[RFC8402]
Filsfils, C., Ed., Previdi, S., Ed., Ginsberg, L., Decraene, B., Litkowski, S., and R. Shakir, "Segment Routing Architecture", RFC 8402, DOI 10.17487/RFC8402, , <https://www.rfc-editor.org/info/rfc8402>.
[RFC8476]
Tantsura, J., Chunduri, U., Aldrin, S., and P. Psenak, "Signaling Maximum SID Depth (MSD) Using OSPF", RFC 8476, DOI 10.17487/RFC8476, , <https://www.rfc-editor.org/info/rfc8476>.
[RFC8491]
Tantsura, J., Chunduri, U., Aldrin, S., and L. Ginsberg, "Signaling Maximum SID Depth (MSD) Using IS-IS", RFC 8491, DOI 10.17487/RFC8491, , <https://www.rfc-editor.org/info/rfc8491>.
[RFC8660]
Bashandy, A., Ed., Filsfils, C., Ed., Previdi, S., Decraene, B., Litkowski, S., and R. Shakir, "Segment Routing with the MPLS Data Plane", RFC 8660, DOI 10.17487/RFC8660, , <https://www.rfc-editor.org/info/rfc8660>.
[RFC8664]
Sivabalan, S., Filsfils, C., Tantsura, J., Henderickx, W., and J. Hardwick, "Path Computation Element Communication Protocol (PCEP) Extensions for Segment Routing", RFC 8664, DOI 10.17487/RFC8664, , <https://www.rfc-editor.org/info/rfc8664>.
[RFC8665]
Psenak, P., Ed., Previdi, S., Ed., Filsfils, C., Gredler, H., Shakir, R., Henderickx, W., and J. Tantsura, "OSPF Extensions for Segment Routing", RFC 8665, DOI 10.17487/RFC8665, , <https://www.rfc-editor.org/info/rfc8665>.
[RFC8667]
Previdi, S., Ed., Ginsberg, L., Ed., Filsfils, C., Bashandy, A., Gredler, H., and B. Decraene, "IS-IS Extensions for Segment Routing", RFC 8667, DOI 10.17487/RFC8667, , <https://www.rfc-editor.org/info/rfc8667>.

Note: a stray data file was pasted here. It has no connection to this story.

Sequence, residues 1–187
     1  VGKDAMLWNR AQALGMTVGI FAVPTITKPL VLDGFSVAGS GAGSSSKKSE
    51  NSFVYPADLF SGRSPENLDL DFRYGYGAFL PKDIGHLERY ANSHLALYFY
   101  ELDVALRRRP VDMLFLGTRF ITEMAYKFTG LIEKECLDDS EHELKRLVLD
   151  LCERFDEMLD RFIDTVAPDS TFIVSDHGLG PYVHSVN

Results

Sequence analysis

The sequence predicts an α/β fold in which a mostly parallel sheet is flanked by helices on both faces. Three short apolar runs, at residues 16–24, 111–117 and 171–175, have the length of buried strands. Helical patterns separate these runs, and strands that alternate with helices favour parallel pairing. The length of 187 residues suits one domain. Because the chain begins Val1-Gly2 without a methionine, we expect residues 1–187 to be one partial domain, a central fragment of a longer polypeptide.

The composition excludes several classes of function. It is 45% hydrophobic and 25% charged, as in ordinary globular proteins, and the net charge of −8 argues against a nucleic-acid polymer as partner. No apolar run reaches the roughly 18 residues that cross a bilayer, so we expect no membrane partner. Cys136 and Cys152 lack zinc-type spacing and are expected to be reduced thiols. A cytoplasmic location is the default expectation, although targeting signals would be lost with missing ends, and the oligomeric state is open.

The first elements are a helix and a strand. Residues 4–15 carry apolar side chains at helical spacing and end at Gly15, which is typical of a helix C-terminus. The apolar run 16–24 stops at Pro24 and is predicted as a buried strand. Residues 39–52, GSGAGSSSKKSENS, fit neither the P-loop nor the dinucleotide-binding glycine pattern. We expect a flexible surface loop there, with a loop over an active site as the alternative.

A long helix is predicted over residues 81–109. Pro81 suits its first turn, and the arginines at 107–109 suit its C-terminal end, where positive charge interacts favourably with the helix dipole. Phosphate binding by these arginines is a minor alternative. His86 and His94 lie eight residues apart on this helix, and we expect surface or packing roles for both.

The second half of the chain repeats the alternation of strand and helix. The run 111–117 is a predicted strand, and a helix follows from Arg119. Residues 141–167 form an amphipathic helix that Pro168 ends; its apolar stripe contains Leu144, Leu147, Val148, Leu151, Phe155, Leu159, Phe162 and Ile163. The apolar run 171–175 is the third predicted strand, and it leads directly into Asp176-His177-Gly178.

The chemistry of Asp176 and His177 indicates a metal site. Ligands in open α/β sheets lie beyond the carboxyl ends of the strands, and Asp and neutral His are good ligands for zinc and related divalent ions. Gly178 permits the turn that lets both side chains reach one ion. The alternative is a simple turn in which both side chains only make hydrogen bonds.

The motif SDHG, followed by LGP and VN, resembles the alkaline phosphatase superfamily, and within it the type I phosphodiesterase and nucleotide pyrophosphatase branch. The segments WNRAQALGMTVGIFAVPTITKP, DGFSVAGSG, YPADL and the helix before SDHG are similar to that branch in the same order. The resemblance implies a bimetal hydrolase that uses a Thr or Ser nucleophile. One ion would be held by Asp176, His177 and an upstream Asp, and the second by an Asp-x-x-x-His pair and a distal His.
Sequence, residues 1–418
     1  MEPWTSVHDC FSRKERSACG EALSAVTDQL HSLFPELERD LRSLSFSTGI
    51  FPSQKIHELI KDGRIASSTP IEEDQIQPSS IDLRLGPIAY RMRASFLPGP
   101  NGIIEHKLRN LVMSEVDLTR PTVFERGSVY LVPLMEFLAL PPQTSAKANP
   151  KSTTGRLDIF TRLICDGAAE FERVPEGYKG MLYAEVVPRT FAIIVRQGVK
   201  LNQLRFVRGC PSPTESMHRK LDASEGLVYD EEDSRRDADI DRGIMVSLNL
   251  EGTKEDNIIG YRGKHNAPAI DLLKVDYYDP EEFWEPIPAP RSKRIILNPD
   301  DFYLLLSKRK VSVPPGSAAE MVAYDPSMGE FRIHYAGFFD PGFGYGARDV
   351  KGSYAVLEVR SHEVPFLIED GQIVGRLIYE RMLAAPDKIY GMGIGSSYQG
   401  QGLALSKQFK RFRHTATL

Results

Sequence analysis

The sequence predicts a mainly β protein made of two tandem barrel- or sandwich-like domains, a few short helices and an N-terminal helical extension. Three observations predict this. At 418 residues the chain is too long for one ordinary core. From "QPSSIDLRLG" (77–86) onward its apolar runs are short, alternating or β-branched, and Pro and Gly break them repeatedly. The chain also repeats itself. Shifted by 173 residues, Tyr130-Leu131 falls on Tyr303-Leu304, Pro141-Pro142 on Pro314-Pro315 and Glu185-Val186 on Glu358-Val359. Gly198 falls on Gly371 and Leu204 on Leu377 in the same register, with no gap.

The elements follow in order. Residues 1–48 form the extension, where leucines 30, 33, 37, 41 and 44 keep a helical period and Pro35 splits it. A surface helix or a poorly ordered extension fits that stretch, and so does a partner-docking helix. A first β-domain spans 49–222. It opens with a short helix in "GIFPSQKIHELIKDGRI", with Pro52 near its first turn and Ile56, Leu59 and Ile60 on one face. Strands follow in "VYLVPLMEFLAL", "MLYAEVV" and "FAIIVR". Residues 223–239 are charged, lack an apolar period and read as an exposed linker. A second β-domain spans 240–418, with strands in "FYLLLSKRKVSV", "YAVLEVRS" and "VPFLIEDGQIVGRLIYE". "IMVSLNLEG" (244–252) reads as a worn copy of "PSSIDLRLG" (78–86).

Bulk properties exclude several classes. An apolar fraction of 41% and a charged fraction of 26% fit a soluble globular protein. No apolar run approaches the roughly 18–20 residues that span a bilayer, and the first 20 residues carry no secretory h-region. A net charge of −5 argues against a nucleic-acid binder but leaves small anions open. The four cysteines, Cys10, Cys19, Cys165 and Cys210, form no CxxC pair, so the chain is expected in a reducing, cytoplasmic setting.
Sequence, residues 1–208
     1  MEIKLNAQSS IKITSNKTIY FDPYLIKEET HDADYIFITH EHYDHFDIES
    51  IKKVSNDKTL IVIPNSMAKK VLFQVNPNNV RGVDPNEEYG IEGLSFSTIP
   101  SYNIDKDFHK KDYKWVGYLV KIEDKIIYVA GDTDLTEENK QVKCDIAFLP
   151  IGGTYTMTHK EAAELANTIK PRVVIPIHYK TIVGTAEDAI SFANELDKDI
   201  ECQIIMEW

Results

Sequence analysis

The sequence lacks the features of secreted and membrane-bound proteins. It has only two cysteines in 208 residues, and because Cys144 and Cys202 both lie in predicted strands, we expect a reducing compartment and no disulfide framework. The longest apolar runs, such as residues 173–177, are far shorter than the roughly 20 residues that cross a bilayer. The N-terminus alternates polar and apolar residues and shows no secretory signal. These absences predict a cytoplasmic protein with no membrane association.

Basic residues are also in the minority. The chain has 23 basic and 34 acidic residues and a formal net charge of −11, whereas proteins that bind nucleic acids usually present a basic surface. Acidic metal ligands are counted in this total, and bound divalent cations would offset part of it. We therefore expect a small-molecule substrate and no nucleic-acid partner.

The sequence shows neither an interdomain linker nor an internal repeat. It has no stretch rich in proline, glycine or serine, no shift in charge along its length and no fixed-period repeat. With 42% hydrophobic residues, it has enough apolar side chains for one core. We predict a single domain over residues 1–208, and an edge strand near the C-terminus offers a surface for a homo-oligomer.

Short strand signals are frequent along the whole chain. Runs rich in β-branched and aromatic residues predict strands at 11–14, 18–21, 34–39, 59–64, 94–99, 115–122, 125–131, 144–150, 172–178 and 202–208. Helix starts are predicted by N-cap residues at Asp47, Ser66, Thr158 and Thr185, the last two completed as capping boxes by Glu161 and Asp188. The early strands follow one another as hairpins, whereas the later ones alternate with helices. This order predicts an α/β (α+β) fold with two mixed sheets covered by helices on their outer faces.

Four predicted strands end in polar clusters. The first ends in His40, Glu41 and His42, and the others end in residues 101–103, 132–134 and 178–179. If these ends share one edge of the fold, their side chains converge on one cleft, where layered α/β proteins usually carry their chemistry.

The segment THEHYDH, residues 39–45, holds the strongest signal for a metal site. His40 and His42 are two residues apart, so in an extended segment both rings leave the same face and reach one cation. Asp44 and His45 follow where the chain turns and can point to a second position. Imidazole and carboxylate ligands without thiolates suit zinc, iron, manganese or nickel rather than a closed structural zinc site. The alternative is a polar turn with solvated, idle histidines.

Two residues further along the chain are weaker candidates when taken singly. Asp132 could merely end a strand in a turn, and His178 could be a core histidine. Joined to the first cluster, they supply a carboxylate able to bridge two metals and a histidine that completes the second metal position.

[RFC8697]
Minei, I., Crabbe, E., Sivabalan, S., Ananthakrishnan, H., Dhody, D., and Y. Tanaka, "Path Computation Element Communication Protocol (PCEP) Extensions for Establishing Relationships between Sets of Label Switched Paths (LSPs)", RFC 8697, DOI 10.17487/RFC8697, , <https://www.rfc-editor.org/info/rfc8697>.
[RFC8754]
Filsfils, C., Ed., Dukes, D., Ed., Previdi, S., Leddy, J., Matsushima, S., and D. Voyer, "IPv6 Segment Routing Header (SRH)", RFC 8754, DOI 10.17487/RFC8754, , <https://www.rfc-editor.org/info/rfc8754>.
[RFC8800]
Litkowski, S., Sivabalan, S., Barth, C., and M. Negi, "Path Computation Element Communication Protocol (PCEP) Extension for Label Switched Path (LSP) Diversity Constraint Signaling", RFC 8800, DOI 10.17487/RFC8800, , <https://www.rfc-editor.org/info/rfc8800>.
[RFC8814]
Tantsura, J., Chunduri, U., Talaulikar, K., Mirsky, G., and N. Triantafillis, "Signaling Maximum SID Depth (MSD) Using the Border Gateway Protocol - Link State", RFC 8814, DOI 10.17487/RFC8814, , <https://www.rfc-editor.org/info/rfc8814>.
[RFC9059]
Gandhi, R., Ed., Barth, C., and B. Wen, "Path Computation Element Communication Protocol (PCEP) Extensions for Associated Bidirectional Label Switched Paths (LSPs)", RFC 9059, DOI 10.17487/RFC9059, , <https://www.rfc-editor.org/info/rfc9059>.
[RFC9085]
Previdi, S., Talaulikar, K., Ed., Filsfils, C., Gredler, H., and M. Chen, "Border Gateway Protocol - Link State (BGP-LS) Extensions for Segment Routing", RFC 9085, DOI 10.17487/RFC9085, , <https://www.rfc-editor.org/info/rfc9085>.

Authors' Addresses

Christian Schmutzer (editor)
Cisco Systems, Inc.
Clarence Filsfils
Cisco Systems, Inc.
Zafar Ali (editor)
Cisco Systems, Inc.
Francois Clad
Cisco Systems, Inc.
Praveen Maheshwari
Airtel India
Reza Rokui
Ciena
Andrew Stone
Nokia
Luay Jalil
Verizon
Shuping Peng
Huawei Technologies
Tarek Saad
Juniper Networks
Daniel Voyer
Bell Canada